Marion Dakers, Financial services editor
Shares in London-listed insurance firms have taken another tumble today as analysts try to judge the damage that Brexit could inflict on their customer base and investment portfolios.
Insurance firms, while suffering less than the British banks in the aftermath of the referendum, are exposed to the global financial markets through their investments and generate sales that are dependent on the broader UK economy.
Aviva issued a statement as the stock market opened to reassure investors that its balance sheet remained strong, despite the asset price ructions following Friday’s vote to leave the EU.
“Aviva has one of the strongest and most resilient balance sheets in the UK insurance sector with low sensitivity to market stress and over the last four years Aviva has tripled its economic capital surplus,” the firm said.
After adopting an internal capital model to meet the European Solvency II rules in January, Aviva said its capital ratio remained “close to the top end of its working range of 150 to 180pc”.
Aviva’s shares fell 4pc by 11am, worsening the pain after a 15pc drop on Friday.
Analysts at Macquarie said the slump “reflects the Aviva balance sheet of three years ago rather than today”.
The analysts pointed out that Aviva has recently made efforts to stabilise its balance sheet by selling off distressed property loans and paring back its exposure to volatile equities. “While we do not believe Aviva has a ‘fortress’ balance sheet, it does offer a compelling valuation and dividend yield,” they said.
Aviva made 23pc of its earnings from Europe last year, the most of all the London-listed insurers, and France is its largest market outside the UK. The firm bought life insurer Friends Life for £5.6bn last year to improve its capital position and diversify the business.
Canaccord Genuity, meanwhile, cut its share price targets for Aviva and Legal & General by a fifth, with smaller reductions for other insurance groups, which it sees as less vulnerable to a shock from the fall in many global assets following the referendum result.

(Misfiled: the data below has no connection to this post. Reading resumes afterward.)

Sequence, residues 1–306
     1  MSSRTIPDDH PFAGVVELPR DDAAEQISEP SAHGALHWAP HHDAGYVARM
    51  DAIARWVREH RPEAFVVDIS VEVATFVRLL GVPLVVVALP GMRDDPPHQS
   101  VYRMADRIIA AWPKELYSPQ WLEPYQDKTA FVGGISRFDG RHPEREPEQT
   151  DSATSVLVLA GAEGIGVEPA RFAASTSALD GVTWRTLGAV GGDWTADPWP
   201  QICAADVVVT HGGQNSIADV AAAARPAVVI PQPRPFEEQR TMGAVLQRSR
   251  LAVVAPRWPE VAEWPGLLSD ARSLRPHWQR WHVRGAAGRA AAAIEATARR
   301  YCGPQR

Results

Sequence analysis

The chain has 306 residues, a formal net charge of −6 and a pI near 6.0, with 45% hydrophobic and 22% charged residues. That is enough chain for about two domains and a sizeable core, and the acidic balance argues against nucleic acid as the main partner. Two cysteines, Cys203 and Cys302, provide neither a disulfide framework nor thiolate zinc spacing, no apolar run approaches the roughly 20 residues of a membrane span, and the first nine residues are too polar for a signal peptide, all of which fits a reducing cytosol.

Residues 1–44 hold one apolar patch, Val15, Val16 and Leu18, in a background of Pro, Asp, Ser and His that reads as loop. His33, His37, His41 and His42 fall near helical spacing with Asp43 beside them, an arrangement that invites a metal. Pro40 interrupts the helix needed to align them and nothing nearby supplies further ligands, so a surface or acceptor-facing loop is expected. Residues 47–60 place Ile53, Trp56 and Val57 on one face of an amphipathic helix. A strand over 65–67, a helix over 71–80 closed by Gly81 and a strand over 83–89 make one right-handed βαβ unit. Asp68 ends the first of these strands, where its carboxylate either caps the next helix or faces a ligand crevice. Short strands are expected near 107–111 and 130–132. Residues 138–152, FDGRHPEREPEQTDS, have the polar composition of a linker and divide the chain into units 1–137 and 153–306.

“We have lowered our price targets effectively to reflect a higher cost of capital, with the biggest price target cuts for those most sensitive to the macro environment,” said Canaccord.
RBC Capital Markets analysts said Legal & General, as well as the specialist bulk annuity firm Just Retirement Partnership, were among the most vulnerable firms to Brexit.
As well as predicting a pause in sales growth during a period of economic uncertainty, the analysts said a protracted spell of low interest rates and bond yields would impair the insurers’ investment returns and make individual and bulk annuities even less attractive to British pensioners.
“Uncertainty will continue for some time following the Brexit vote and we expect UK defined benefit pension schemes to slow the rate at which they transact with bulk annuity writers,” they said.
On the bright side, the analysts added that the Lloyd’s of London insurance market, which covers large global risks such as hurricanes and plane crashes, should be “relatively unaffected” as most of its business comes from the US.